Sound of Freedom brings the culture wars to the big screen

A box office hit that critics say is 'QAnon-adjacent'

red movie theater seats
(Image credit: Getty Images / maksicfoto)

Is QAnon winning at the box office? Variety reported that's what some critics are saying about the success of Sound of Freedom, a faith-based thriller about child trafficking, after it took in $40 million during its first six days of release. The movie's defenders say that its success proves that Hollywood all too often overlooks the potential of films that appeal to religious conservatives. That accomplishment "reflects a demand by an underserved audience who are hungry for entertainment that reflects their values and beliefs," said one analyst.

"However one chooses to slice it, Sound of Freedom has over-delivered on expectations in dollars and cents," Charles Bramesco wrote at The Guardian. The movie contains no explicit mention of QAnon — but it does seem to be "QAnon-adjacent." For one, it stars Jim Caviezel — best known for playing Jesus in The Passion of the Christ — who has a habit of promoting conspiracy theories about traffickers who harvest drugs from the glands of children. The themes are also strongly reminiscent of the Q conspiracy theory. Those unfamiliar with QAnon "may not pick up on the red-yarn-and-corkboard subtext" of the film, but for true believers, the movie is "a clarion call that leads right to the multiplex."

Those claims have seen pushback from conservative media outlets. Operation Underground Railroad founder Tim Ballard, whose organization inspired the film, went on Fox News to deny the QAnon associations. "Every show I've seen, they just like to throw the word out, QAnon," he said. "They make zero connection to the actual story."

Subscribe to The Week

Escape your echo chamber. Get the facts behind the news, plus analysis from multiple perspectives.


Sign up for The Week's Free Newsletters

From our morning news briefing to a weekly Good News Newsletter, get the best of The Week delivered directly to your inbox.

From our morning news briefing to a weekly Good News Newsletter, get the best of The Week delivered directly to your inbox.

Sign up

'Moral panic' or realistic horrors?

On the surface the movie is a straightforward thriller, Sam Adams wrote at Slate. But it arrived in theaters in a "cloud of innuendo" by supporters "about who doesn't want this story to be told." And it is difficult to ignore Caviezel's press tour, in which he has discussed an alleged "black market where a barrel of children's body parts goes for a thousand times the price of oil." For all that, the movie is a "little nondescript," Adams wrote. "But that only makes it a better vehicle for other people's messages."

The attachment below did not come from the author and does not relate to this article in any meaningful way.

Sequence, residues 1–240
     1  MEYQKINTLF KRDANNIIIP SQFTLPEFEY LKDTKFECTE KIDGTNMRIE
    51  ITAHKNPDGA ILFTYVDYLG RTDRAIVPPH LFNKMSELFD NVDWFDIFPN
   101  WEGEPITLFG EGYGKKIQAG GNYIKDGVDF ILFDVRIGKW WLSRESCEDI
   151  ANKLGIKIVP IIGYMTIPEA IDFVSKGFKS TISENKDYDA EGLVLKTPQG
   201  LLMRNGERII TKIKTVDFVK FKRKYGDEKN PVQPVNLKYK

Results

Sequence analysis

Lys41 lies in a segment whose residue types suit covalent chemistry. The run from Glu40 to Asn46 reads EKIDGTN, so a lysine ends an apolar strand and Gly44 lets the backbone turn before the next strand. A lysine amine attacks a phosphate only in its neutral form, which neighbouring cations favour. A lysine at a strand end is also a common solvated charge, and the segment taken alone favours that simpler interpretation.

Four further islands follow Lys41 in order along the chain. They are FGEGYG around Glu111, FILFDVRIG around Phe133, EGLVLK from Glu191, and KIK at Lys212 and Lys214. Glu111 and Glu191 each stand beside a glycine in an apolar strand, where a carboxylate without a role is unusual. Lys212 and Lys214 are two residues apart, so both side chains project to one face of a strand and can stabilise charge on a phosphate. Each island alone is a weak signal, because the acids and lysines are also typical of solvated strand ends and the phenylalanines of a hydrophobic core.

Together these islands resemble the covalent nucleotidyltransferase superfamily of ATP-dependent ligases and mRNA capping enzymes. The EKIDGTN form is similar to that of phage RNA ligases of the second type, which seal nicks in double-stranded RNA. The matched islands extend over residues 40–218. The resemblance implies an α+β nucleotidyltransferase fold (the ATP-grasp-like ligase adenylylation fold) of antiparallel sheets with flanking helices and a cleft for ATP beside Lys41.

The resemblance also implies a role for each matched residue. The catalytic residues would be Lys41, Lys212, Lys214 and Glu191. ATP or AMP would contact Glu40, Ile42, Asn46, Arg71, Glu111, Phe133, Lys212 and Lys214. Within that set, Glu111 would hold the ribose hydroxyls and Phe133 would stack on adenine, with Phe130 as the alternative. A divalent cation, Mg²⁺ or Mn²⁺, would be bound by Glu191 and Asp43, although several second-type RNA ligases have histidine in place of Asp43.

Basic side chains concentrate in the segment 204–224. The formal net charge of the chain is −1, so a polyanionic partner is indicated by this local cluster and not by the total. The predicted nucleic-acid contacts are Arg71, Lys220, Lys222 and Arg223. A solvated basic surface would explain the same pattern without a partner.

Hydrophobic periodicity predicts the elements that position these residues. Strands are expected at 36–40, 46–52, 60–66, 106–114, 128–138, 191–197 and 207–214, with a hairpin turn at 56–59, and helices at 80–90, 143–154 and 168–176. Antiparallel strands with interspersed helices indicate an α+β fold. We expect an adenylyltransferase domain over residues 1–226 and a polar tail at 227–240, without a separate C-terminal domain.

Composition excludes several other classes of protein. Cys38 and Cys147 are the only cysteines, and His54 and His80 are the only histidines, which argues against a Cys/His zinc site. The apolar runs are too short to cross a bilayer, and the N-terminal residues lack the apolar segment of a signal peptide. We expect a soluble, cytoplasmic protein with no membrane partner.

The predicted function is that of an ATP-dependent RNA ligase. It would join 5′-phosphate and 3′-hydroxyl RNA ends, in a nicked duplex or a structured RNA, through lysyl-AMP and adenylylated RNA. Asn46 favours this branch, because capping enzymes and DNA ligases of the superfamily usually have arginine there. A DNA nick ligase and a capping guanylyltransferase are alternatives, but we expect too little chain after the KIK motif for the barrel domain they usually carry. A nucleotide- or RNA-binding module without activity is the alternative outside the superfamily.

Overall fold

"It's not 'paranoid' or 'QAnon adjacent' to bring much-needed attention to horrors that are all too real," Madeline Kearns wrote at National Review. If the film fuels a "moral panic" about sex trafficking the result will be "at worst, wasted energy and a disproportionate use of resources." But it could turn out that Americans are underestimating the problem. The movie performs a valuable service by reminding us "as long as children are being abused … the rest of us ought to care."

"The exploitation of children is a real problem that no one (besides the exploiters) want," Rich Juzwiak wrote at Jezebel. What's more, Sound of Freedom is "well-acted, it looks expensive, and it moves at a rapid clip." But it's difficult to untangle the film from its right-wing associations, including endorsements from Elon Musk and Ivanka Trump. So of course the movie is designed to entice audiences. "I can't say I wasn't entertained in some way," Juzwiak wrote, and added: "That's how propaganda works."

Changing the movie business

The Wall Street Journal reported that the studio behind Sound of Freedom, Angel Studios, is looking to follow up on its success. While big studios increasingly rely on "big-budget crowd pleasers," others see "room to operate for releases targeting niche or underserved audiences." Another faith-friendly film — Jesus Revolution — grossed $52 million at the box office earlier this year. Sound of Freedom has an unusual business model: The studio crowdfunded the release, with 7,000 backers contributing as little as $10 apiece to ensure the movie appeared in theaters. "We realized that this black box that was the theatrical experience is now open to us," said studio president Jordan Harmon.

More than any lesson about sex trafficking, that business lesson might be the movie's most significant legacy. Expensive movies like the new Indiana Jones flick "must reach a blockbuster status to see any profit margins," Dhruv Sharma noted at Screen Rant. But Sound of Freedom was made for just $14.5 million. That means it "can break even without raking in as much revenue as bigger-budget movies."

Continue reading for free

We hope you're enjoying The Week's refreshingly open-minded journalism.

Subscribed to The Week? Register your account with the same email as your subscription.

Joel Mathis

Joel Mathis is a freelance writer who lives in Lawrence, Kansas with his wife and son. He spent nine years as a syndicated columnist, co-writing the RedBlueAmerica column as the liberal half of a point-counterpoint duo. His honors include awards for best online commentary from the Online News Association and (twice) from the City and Regional Magazine Association.